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John Akomfrah RA is having a moment. In 2023 he was knighted in recognition of his contribution to the arts, and soon after it was announced that he will represent Great Britain at the 2024 Venice Biennale. In 2023, the Smithsonian’s Hirshhorn and National Museum of African Art will host major exhibitions of his work. Akomfrah is a widely respected artist and filmmaker, whose works investigate memory, post-colonialism, temporality, and aesthetics and often explore the experiences of migrant diasporas globally. He was a founding member of the influential Black Audio Film Collective, which started in London in 1982 alongside artists David Lawson and Lina Gopaul, with whom he still collaborates today.
Akomfrah joined Hirshhorn associate curator Marina Isgro and African Art senior curator Karen Milbourne in conversation to discuss the role of art in addressing social and political crises—from the climate crisis, as addressed in Purple, to the worldwide reckoning with racism and the COVID pandemic, as explored in Five Murmurations, as well as what it means to have exhibitions in these two institutions.
The program was hosted on the occasion of the exhibition of Akomfrah’s monumental video work Purple at the Hirshhorn Museum and Sculpture Garden and the forthcoming opening of Five Murmurations at the National Museum of African Art in Fall 2023.
WANT MORE? Check out these other resources to explore John Akomfrah and his work.
- John Akomfrah: Purple (2017) at the Hirshhorn Museum and Sculpture Garden, on view through January 2024
- John Akomfrah’s Five Murmurations (2021) at the National Museum of African Art, on view October 2023 through 2024
- Twilight City preceded by A Touch of the Tar Brush and Three Songs on Pain, Time, and Light as part of Burning Illusions: British Film and Thatcherism at the National Gallery of Art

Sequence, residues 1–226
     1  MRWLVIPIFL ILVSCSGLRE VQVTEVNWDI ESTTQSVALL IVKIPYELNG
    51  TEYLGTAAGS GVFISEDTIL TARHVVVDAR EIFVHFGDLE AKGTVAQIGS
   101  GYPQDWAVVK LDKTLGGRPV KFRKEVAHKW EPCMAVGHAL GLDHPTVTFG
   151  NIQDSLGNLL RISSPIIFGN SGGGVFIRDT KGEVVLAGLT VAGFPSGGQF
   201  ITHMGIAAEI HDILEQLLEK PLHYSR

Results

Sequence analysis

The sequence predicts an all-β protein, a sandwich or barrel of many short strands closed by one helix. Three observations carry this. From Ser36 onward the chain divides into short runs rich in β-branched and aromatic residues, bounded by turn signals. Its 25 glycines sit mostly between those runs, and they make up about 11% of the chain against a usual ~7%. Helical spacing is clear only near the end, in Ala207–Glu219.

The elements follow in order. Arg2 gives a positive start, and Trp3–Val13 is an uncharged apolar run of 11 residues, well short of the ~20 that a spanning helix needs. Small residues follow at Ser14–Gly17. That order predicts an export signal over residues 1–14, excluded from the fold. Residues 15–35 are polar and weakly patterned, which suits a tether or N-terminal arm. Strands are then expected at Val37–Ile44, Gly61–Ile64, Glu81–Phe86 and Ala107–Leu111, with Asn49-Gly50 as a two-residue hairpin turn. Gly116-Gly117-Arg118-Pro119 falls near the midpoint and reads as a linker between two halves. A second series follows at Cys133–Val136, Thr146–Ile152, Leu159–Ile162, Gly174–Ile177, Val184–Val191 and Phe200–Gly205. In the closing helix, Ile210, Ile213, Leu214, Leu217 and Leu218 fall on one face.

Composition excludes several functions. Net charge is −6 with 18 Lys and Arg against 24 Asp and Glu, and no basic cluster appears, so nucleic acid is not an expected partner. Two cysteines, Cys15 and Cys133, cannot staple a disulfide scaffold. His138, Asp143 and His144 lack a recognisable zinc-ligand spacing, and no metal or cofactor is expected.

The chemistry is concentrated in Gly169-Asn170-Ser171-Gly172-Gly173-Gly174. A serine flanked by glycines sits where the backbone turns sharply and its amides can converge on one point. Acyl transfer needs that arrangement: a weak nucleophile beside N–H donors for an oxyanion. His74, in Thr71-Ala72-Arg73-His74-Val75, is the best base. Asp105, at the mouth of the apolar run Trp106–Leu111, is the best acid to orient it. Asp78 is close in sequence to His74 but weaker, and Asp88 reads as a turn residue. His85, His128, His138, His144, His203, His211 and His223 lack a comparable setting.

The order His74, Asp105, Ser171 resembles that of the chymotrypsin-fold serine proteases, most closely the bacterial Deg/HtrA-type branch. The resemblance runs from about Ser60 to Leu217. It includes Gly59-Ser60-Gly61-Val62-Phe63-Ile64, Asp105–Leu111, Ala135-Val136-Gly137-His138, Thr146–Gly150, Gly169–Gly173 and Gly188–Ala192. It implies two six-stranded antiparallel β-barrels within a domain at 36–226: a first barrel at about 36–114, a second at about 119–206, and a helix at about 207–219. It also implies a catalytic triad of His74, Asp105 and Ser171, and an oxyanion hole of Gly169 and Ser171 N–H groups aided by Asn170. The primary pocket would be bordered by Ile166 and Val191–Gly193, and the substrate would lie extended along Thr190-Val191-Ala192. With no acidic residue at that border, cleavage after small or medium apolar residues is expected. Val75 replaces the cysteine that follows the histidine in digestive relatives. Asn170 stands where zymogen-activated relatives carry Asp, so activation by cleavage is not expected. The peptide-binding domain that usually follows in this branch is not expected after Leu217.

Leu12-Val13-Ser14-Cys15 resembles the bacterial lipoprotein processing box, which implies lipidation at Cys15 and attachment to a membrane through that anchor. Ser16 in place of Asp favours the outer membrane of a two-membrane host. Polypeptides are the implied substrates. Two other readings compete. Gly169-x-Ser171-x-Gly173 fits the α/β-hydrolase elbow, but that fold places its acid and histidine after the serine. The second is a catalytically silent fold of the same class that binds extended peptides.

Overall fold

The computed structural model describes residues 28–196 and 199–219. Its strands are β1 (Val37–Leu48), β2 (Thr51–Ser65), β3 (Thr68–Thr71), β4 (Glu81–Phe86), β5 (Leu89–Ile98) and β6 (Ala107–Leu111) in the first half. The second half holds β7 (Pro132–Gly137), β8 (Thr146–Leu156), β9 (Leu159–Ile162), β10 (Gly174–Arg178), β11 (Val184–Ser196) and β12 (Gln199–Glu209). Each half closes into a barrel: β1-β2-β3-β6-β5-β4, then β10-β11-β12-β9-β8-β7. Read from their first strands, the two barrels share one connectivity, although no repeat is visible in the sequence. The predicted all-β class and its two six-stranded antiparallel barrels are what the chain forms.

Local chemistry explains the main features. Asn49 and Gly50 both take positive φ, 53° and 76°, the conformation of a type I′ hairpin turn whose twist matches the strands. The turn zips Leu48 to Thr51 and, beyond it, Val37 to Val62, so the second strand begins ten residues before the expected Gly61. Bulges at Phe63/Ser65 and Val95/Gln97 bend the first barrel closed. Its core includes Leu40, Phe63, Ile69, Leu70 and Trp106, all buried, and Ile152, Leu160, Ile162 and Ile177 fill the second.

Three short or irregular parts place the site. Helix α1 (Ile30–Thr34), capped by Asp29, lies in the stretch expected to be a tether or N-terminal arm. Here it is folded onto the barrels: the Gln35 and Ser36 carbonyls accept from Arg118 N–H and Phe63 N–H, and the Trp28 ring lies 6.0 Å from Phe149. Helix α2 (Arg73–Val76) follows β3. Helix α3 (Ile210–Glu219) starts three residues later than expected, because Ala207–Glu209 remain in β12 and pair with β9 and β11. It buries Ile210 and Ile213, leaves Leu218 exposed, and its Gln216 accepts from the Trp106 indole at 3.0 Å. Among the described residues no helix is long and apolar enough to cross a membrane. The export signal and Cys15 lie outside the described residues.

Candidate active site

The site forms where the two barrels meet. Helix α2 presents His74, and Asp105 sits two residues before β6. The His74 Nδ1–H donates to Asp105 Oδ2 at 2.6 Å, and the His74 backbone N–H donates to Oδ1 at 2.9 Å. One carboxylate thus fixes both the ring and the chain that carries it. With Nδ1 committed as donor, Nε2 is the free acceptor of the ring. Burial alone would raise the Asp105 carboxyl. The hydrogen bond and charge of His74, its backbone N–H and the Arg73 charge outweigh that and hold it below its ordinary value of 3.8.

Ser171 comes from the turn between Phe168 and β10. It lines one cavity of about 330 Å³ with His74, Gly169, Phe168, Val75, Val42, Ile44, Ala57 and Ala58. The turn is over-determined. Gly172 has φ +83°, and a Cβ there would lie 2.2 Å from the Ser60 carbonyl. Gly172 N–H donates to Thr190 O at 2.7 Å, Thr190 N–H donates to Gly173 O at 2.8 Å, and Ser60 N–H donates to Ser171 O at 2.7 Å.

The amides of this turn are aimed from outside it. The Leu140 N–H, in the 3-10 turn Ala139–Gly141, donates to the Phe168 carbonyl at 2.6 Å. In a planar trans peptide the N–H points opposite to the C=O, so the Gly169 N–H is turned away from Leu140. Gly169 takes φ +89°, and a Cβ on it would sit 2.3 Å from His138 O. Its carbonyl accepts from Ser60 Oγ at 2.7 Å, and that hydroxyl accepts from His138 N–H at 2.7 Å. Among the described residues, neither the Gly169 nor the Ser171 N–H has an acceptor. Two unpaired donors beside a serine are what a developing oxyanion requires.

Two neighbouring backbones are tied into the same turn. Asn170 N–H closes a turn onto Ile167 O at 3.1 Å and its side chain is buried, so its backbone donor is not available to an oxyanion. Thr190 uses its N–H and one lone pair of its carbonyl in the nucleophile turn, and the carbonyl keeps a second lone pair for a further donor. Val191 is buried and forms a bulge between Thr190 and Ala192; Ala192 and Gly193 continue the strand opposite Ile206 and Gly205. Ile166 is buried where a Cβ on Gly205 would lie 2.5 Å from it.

ABOUT THE ARTIST
John Akomfrah is a respected artist and filmmaker, whose works are characterized by their investigations into memory, post-colonialism, temporality and aesthetics and often explore the experiences of migrant diasporas globally. Akomfrah was a founding member of the influential Black Audio Film Collective, which started in London in 1982 alongside artists David Lawson and Lina Gopaul, with whom he still collaborates today. Their first film, Handsworth Songs (1986), explored events surrounding the 1985 riots in Birmingham and London through a charged combination of archive footage, still photos, newly shot material and newsreel. The film won several international prizes and established a multi-layered visual style that has become a recognisable motif of Akomfrah’s practice. Other works include the three-screen installation The Unfinished Conversation (2012), a moving portrait of the cultural theorist Stuart Hall’s life and work; Peripeteia (2012), an imagined drama visualising the lives of individuals included in two 16th century portraits by Albrecht Dürer, and Mnemosyne (2010) which exposes experiences of migrants in the UK, questioning the notion of Britain as a promised land by revealing the realities of economic hardship and casual racism. In 2015, Akomfrah premiered his three-screen film installation Vertigo Sea (2015), which explores what Ralph Waldo Emerson calls “the sublime seas.” Fusing archival material, readings from classical sources and newly shot footage, Akomfrah’s piece focuses on the disorder and cruelty of the whaling industry and juxtaposes it with scenes of many generations of migrants making epic crossings of the ocean for a better life. In 2017, Akomfrah presented his largest film installation to date, Purple (2017), at the Barbican in London, co-commissioned by Bildmuseet Umeå, Sweden, TBA21—Academy, The Institute of Contemporary Art/ Boston, Museu Coleção Berardo, Lisbon and Garage Museum of Contemporary Art, Moscow. The six-channel video installation addresses climate change, human communities and wilderness. In 2019, on the occasion of his participation at the first Ghana Pavilion at the 58th Venice Biennale, he presented Four Nocturnes (2019), a three-channel piece that reflects on the complex intertwined relationship between humanity’s destruction of the natural world and our destruction of ourselves. More recently, in Five Murmurations (2021), he documented the COVID-19 pandemic and racial justice protests. Earlier this year, Akomfrah was knighted as part of the 2023 New Years Honours, and it was announced that he will represent Great Britain at the 2024 Venice Biennale.
Image: Courtesy of Lisson Gallery and the artist.